Shakespeare might be rolling in his grave, but Funky and Roy Ballard won’t let him be forgotten.


This show is suitable for teens and up.  There is ample free parking in the Funky Little Theater strip mall.

Humble Coffee has a kiosk in the parking lot; depending on the date/time of the show, you may be able to pick up an excellent latté before the curtain goes up.  Funky also has a concession stand.  At the performance we attended, they were offering a free homemade dessert.

This show closes on April 16, 2016.

Photo Credit:  Funky Little Theater Company & Megan Williams, Photographer



Director:  Benji Dezaval

Scenic Design:  Dylan McClintock

Sound/Light Design:  Chris Medina

Costume Design:  Delaney Hallauer

Dramaturg:  Laura Marden

Properties:  Michelle Pantle/Justin Anderson

Stage Manager:  Chelsea Rigor

Rap music/lyrics:  Kevin Taylor


Horatio/Laertes/Gertrude:  Josh Boehnke

Ophelia/Lady Macbeth/Francisco:  Emma Colligan

Macbeth/Bernardo:  Dylan McClintock

Hamlet:  Chris Medina

Claudius/Duncan/Ghost Dad:  Chad Orr

Marcellus/Witches/Messenger:  Valiant Pico

Monday, April 11, 2016

Rabbit Hole

Playwright:  David Lindsay-Abaire

Venue:  Vintage Theater, 1468 Dayton Street, Aurora, CO.

Running Time:  2 hours 10 minutes (includes 15 minute intermission) 

Date of Performance:  Friday, April 8, 2016. 

It was with some trepidation that I sat in the crowded theater waiting for the curtain to go up for Rabbit Hole.  The brief summary of the story was enough to give me pause:

“Becca and Howie Corbett have everything a family could want, until a life-shattering accident turns their world upside down and leaves the couple drifting perilously apart. RABBIT HOLE charts their bittersweet search for comfort in the darkest of places and for a path that will lead them back into the light of day.”

You don’t have to be a rocket scientist to realize that this story is about the loss of a loved one.  It’s not that long ago that I personally experienced such a loss (see Notes below).  Three years later, I am still careful to avoid shows that may take me back to my darkest days.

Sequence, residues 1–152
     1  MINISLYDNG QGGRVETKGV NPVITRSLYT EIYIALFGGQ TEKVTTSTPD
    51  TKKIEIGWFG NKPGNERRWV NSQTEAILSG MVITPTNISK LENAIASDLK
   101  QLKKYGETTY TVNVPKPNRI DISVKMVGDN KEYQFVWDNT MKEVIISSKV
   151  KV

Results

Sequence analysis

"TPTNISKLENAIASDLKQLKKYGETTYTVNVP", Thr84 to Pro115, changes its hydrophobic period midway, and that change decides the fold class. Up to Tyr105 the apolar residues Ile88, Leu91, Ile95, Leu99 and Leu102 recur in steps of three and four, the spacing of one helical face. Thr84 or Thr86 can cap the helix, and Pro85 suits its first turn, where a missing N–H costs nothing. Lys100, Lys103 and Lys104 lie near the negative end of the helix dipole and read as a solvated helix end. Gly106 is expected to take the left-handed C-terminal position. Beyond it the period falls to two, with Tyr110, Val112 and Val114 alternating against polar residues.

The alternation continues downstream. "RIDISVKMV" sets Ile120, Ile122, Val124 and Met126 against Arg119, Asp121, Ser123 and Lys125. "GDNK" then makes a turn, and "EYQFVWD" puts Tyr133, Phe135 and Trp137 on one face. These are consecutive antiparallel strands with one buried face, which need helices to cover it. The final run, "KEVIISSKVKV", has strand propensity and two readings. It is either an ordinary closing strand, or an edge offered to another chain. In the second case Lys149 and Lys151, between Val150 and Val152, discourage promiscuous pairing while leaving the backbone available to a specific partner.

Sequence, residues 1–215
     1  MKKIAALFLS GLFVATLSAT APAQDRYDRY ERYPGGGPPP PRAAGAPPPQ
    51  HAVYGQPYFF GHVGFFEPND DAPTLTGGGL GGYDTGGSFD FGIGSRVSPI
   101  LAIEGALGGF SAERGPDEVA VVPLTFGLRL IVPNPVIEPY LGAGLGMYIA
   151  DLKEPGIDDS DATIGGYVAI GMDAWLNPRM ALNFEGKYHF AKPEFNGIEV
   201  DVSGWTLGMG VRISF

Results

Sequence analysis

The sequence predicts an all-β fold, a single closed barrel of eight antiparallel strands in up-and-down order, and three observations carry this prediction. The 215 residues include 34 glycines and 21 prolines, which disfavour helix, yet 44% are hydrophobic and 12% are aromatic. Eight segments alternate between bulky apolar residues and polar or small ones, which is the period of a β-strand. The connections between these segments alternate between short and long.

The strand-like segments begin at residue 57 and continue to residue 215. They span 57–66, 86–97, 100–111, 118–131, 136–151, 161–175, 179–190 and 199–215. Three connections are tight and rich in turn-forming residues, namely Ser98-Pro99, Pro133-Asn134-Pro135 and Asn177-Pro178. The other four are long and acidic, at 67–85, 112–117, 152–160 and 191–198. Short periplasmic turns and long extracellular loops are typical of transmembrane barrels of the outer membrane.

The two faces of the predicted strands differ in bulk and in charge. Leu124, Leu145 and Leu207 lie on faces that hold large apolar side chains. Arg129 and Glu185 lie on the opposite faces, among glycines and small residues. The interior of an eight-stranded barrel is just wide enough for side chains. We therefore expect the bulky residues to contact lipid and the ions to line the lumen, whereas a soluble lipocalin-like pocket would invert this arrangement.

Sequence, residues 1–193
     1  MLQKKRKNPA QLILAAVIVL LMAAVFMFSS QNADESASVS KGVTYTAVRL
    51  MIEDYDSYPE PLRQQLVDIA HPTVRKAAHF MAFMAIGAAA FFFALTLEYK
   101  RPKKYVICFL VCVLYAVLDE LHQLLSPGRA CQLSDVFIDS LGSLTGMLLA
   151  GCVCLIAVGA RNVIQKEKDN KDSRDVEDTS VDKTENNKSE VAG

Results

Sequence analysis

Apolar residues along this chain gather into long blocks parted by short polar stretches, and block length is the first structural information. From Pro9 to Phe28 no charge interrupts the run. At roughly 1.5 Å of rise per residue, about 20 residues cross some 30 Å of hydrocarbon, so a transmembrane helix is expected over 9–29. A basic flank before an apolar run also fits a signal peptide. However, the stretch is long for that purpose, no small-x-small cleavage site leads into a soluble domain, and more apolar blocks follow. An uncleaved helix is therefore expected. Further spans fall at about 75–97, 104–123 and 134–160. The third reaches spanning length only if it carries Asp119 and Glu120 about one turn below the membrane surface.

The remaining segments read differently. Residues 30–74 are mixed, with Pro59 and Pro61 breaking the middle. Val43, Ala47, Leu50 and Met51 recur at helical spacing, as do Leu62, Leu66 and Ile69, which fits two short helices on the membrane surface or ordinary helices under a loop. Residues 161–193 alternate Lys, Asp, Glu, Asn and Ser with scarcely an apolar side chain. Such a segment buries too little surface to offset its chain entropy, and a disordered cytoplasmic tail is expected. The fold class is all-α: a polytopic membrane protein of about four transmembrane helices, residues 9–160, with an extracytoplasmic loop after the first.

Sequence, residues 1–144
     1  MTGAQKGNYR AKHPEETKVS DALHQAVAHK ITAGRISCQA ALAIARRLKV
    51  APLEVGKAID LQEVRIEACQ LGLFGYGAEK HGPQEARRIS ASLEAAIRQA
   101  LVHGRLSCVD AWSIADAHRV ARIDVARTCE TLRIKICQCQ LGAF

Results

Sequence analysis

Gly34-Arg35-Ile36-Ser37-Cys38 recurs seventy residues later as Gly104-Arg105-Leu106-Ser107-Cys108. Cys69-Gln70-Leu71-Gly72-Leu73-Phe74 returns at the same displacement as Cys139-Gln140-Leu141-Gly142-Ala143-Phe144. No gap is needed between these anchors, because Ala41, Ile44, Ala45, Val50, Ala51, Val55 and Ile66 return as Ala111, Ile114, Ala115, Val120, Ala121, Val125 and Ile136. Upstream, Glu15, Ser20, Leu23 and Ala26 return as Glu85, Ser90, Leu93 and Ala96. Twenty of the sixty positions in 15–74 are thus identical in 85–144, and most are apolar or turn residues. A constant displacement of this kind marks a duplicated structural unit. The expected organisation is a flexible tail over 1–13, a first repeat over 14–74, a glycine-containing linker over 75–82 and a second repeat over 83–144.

Despite my concerns, Rabbit Hole turned out to be poignant and comforting rather than disturbing.  David Lindsay-Abaire’s script is one part tragedy, one part humor, and two parts hope.  It's the double parts of hope that creates a lasting impact.  Lindsay-Abaire is direct and honest; Rabbit Hole is an uncompromising tragedy. But Rabbit Hole is such a compelling story because, despite the tragedy, he lights up an otherwise very dark tunnel with a realistic hope for recovery.

L-R: Nat (Deborah Persoff), Becca (Haley Johnson), and Izzy (Maggy Stacy).
Becca (Haley Johnson) is the character most traumatized by her loss; everything has changed for the worse for her.  Johnson is not just depressed.  She is also angry and takes out her frustrations on her husband Howie (Mark Stith) and her mother Nat (Deborah Persoff).  Johnson walks a dramatic tight rope.  She plumbs the depth of her loss by approaching irrationality but without actually crossing over into it.  We sympathize with her, even as she victimizes those who are reaching out to her.  It’s a striking performance by an actor who never holds back.

Haley Johnson (Becca) & Mark Stith (Howie).
Mark Stith is so emotionally engaged in his role that he cries actual tears onstage.  That is not just unusual; it’s also very powerful.  Men rarely shed tears, even in an emotional crisis.  Stith gives men in the audience permission to cry in a crisis.  If that were the only takeaway from his performance, it would be more than enough.  Stith, however, goes further.  He exemplifies the courage and persistence one needs to be a caregiver while needing care himself.  Stith’s Howie is the strongest of men; he cares about and for Becca while suffering in relative silence.  His performance will stay with me for a long time.

Izzy (Maggie Stacy) is Becca’s sister, and Stacy nailed her from the moment she walked on the stage.  She’s sassy, she’s naughty, and she’s unapologetic for breaking all the rules.  Stacy takes Izzy to the limit, bringing humor and perspective to the rest of the characters.  Few women get in bar fights; Izzy, of course does and floors her opponent.  Maggie Stacy convinces us that while it's unusual, she really had no choice.  She’s a veteran actor with a polished resume, but Izzy may be her best role yet.